The e-commerce juggernaut and crowded international gateways are making many secondary airports attractive alternatives for freight transport providers, but few are growing like Chicago Rockford International Airport.
Located about 70 miles northwest of Chicago’s O’Hare Airport, Rockford Airport (RFD) last year increased cargo throughput by 15% to a record 2.7 billion tons of cargo landed weight (aircraft plus payload) and recently began a $43 million infrastructure expansion to meet escalating demand for airfreight service.
German logistics service providers Senator International and DB Scehnker will occupy more than half of the new space, Ken Ryan, director of business development for the Greater Rockford Airport Authority, told American Shipper.
Business is so brisk that the airport authority went from planning a 90,000-square-foot facility last October to now building an international cargo center with 190,000 square feet of warehouse space, a ramp to accommodate six additional Boeing 747 freighters and a new road to make it easier for trucks to reach the facility.
The Illinois airport has more than tripled cargo tonnage in five years. It was named the fastest-growing cargo airport in the world, and 19th-busiest U.S. airport for cargo in 2019, by Airports Council International. December was, by a wide margin, the largest month ever in cargo landed weight, according to minutes of the airport authority’s January meeting.
Many secondary airports have attracted new cargo business from freight transport providers looking for faster, cheaper shipment processing than is available at big airports where passengers are the focus. Infrastructure and service issues have been exacerbated during the COVID-19 pandemic as ground handling companies reduced workforces to cope with lost airline business at the same time the frequency of all-cargo aircraft substantially increased, creating multiday backlogs for picking up cargo.
O’Hare International Airport has experienced some of the worst congestion in the nation at various times during the past year. Ryan said Rockford is capturing some cargo business from O’Hare in addition to the new opportunities.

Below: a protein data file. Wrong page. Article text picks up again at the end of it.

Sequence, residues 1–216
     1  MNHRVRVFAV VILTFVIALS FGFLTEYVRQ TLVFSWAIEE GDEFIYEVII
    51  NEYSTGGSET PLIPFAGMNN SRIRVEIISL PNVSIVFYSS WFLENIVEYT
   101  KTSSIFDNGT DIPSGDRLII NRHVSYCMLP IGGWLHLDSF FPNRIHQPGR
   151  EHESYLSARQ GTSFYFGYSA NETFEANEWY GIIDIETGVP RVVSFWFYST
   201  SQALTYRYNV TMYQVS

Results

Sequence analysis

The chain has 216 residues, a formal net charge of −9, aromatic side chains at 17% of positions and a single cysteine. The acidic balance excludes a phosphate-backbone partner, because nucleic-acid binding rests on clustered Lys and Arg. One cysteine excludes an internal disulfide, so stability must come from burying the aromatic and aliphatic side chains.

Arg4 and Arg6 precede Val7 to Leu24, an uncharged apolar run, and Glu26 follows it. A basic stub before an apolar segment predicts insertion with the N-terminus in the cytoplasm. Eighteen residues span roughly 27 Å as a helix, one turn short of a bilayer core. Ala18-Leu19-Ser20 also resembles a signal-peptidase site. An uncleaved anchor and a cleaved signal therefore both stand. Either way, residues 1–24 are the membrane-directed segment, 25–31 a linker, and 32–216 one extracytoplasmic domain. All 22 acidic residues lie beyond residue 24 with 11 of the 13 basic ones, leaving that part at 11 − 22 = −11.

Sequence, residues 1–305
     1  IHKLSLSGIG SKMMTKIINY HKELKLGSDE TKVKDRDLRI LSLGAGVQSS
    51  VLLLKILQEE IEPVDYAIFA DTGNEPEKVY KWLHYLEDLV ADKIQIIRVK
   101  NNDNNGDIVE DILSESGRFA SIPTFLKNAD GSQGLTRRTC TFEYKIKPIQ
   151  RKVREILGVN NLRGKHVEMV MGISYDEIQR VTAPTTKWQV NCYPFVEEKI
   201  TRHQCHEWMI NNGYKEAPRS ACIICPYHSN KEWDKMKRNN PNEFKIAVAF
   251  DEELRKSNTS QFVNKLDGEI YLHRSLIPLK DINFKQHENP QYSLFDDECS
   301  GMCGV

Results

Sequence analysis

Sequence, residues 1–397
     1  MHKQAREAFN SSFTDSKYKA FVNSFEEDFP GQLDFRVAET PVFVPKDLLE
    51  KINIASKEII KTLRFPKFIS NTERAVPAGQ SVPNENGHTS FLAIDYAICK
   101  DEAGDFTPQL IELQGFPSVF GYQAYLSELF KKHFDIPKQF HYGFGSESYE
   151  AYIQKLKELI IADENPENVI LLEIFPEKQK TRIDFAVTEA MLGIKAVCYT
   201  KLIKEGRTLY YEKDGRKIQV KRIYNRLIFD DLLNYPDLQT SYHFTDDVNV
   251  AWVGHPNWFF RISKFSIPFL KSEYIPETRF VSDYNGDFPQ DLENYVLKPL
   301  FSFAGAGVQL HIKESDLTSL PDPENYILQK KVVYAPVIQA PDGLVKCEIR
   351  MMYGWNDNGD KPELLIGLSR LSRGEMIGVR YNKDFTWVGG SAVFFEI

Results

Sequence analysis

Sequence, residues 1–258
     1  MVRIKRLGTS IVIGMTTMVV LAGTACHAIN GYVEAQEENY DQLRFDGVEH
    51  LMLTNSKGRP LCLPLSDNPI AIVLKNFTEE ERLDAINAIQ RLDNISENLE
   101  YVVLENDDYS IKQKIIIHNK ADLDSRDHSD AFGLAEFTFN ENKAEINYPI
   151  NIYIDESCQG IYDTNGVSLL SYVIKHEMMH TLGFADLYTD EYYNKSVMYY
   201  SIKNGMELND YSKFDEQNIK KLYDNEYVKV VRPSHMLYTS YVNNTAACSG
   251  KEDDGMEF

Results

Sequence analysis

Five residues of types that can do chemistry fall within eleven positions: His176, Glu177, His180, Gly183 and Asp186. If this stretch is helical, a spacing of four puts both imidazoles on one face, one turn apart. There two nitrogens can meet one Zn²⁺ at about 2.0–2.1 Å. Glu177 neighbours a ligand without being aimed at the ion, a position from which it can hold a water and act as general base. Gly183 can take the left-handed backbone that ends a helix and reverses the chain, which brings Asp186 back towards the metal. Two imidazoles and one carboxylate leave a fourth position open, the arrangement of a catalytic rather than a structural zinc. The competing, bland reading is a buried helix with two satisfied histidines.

E-commerce orders, which grew 33% in the U.S. last year, and international freight are driving RFD’s cargo momentum. Last year, the airport handled large quantities of personal protective equipment to combat COVID, including emergency shipments orchestrated under the U.S. government’s Project Airbridge.
Rockford is home to North America’s second-largest UPS (NYSE: UPS) hub, which continues to increase the number of daily flights. In the fall of 2019, RFD completed a $12 million cargo terminal expansion to accommodate Amazon Air (NASDAQ: AMZN). Last summer, Senator International began weekly charter service from Frankfurt to Rockford, which triggered contracts with other logistics companies and carriers for handling full planeloads of inbound and outbound international cargo, according to the airport authority.
On March 1, DSV/Panalpina began weekly charter rotation between Shanghai, China and Rockford. DB Schenker and DSV/Panalpina are the third- and fourth-largest airfreight forwarders by metric tons.
Rockford also receives many charter flights with auto parts for the Stellanits, formerly Fiat/Chrysler, assembly plant in nearby Belvedere, Illinois, Ryan said.
The first cargo building and two of the six aircraft parking spots are scheduled to be complete and operational by July 1, the airport authority said in a news release last month. The rest of the project is expected to be completed by November. Officials plan to use federal airport improvement grants to help pay for the new facilities.
The airport has arranged with Emery Air, a local aircraft handling company currently located at RFD, to operate the new facility. Ryan said Senator has subleased 60,000 square feet in the first building. DB Schenker is taking 50,000 square feet in Building Two. Both logistics companies have contracted with Emery to handle their aircraft and cargo. Emery is leasing the remaining space to service other airlines and freight agents.
Ryan noted that the forwarders are committing to long-term leases, underscoring “their intention to stay and grow at RFD.”